"Romney is playing with numbers to scare people," said John Holahan, director of the Health Policy Center at the Urban Institute, a research group. But Nix concluded that CBO is making "unlikely assumptions" based on "budget gimmicks included in the legislation."
Romney has made repealing the 2010 health care law, which would require nearly everyone to obtain health coverage by 2014, a centerpiece of his presidential campaign.
His opposition to the law, which most Republicans abhor because they see it as big government run amok, is an important talking point for Romney, since as governor of Massachusetts he signed into law a state health care plan widely considered a model for the federal law.
By 2021, according to CBO, about 95 percent of nonelderly legal residents in the United States will have insurance coverage, compared to the current 83 percent.
Romney says that Washington should not be dictating such health care policies, and each state should be free to enact a health care policy that suits it best.
At least two parts of the law cause analysts to be skeptical of estimating its cost or savings.
Foremost is Medicare. The health care law assumes about $500 billion will be saved in Medicare costs over the next 10 years.
The biggest obstacle to achieving those savings could be political. The 46-year-old health care program has been notoriously difficult to touch politically, since no one wants to be accused of shortchanging seniors' care.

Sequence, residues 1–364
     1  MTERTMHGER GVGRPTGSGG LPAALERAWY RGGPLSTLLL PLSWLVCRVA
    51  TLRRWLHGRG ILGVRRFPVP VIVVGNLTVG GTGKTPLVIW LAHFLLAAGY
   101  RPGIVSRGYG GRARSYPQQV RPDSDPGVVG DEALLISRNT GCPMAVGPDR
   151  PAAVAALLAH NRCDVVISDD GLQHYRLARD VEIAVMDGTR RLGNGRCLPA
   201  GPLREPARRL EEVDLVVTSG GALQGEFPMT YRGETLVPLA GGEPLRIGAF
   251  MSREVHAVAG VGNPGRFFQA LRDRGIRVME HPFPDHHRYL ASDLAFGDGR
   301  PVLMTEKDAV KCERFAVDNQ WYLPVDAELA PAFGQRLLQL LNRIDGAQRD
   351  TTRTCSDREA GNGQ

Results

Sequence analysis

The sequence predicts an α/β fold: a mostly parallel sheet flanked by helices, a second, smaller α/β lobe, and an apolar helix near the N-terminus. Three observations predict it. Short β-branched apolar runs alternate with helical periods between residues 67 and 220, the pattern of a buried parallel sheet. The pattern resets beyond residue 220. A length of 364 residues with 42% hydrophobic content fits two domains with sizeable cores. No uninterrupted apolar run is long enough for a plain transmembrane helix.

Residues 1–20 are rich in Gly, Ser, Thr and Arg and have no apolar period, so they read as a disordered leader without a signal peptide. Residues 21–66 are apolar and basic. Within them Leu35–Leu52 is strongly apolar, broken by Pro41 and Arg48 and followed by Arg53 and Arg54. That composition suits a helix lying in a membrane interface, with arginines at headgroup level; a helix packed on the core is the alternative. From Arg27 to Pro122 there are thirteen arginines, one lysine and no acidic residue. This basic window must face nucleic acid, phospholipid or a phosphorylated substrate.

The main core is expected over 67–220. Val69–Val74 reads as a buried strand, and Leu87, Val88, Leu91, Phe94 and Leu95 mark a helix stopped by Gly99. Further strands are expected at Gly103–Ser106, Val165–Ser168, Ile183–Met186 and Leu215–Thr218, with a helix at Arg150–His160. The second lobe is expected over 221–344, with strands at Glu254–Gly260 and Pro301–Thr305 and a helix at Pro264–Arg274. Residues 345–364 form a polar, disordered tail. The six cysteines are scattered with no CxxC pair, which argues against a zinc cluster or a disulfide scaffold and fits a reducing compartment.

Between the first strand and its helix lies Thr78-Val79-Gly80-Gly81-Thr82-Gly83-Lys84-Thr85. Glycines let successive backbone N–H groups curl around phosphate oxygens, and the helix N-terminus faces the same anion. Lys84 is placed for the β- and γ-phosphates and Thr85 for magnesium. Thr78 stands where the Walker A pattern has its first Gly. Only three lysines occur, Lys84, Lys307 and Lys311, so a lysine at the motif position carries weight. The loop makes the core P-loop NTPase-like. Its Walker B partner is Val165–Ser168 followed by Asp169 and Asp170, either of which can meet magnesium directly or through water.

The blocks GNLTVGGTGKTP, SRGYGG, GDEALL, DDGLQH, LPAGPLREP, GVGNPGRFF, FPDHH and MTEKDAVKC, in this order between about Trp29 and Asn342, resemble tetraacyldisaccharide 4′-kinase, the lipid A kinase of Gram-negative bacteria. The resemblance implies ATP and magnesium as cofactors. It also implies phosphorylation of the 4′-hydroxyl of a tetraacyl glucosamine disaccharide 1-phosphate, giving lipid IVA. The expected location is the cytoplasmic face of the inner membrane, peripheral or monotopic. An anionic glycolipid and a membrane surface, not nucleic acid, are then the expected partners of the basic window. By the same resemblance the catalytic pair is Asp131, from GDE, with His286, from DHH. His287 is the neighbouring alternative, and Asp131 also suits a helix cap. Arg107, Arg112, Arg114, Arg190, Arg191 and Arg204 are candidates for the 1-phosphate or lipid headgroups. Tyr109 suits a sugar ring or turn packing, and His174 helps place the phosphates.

The law takes several steps to reduce Medicare's growth, including curbs on hospital readmissions. And it creates the Independent Payment Advisory Board, a full-time, presidentially-appointed panel that will recommend ways to cut Medicare.
But lawmakers over the years have been reluctant to impose severe provider cuts. For years, Medicare spending on physicians and other health-care providers was supposed to be limited by a set schedule. But because of political pressure, as well as a fear that physicians would stop accepting Medicare patients, Congress blocked the scheduled cuts from taking effect.
In 2011, for instance, payments were supposed to drop 25 percent, but in December, Congress approved spending $15 billion to keep the rates intact.
That's likely to happen again, said some analysts. "Pretending it will not happen won't reduce the deficit," said Nix.
Revenue is another major variable in any analysis. Some of the funding is supposed to come from a tax on insurers of high-end employer-sponsored health plans.
For about 30 years, Republicans have been reluctant to increase any taxes. While no one knows which party will control Congress or the White House in 2018, the year the tax takes effect, there's likely to be a push for changing the provision.
To the Romney campaign, such variables help make the case that the health care law is a "catastrophe," as Williams put it.
But while there are certainly variables, said Holahan, "I'd put my money on the CBO estimates."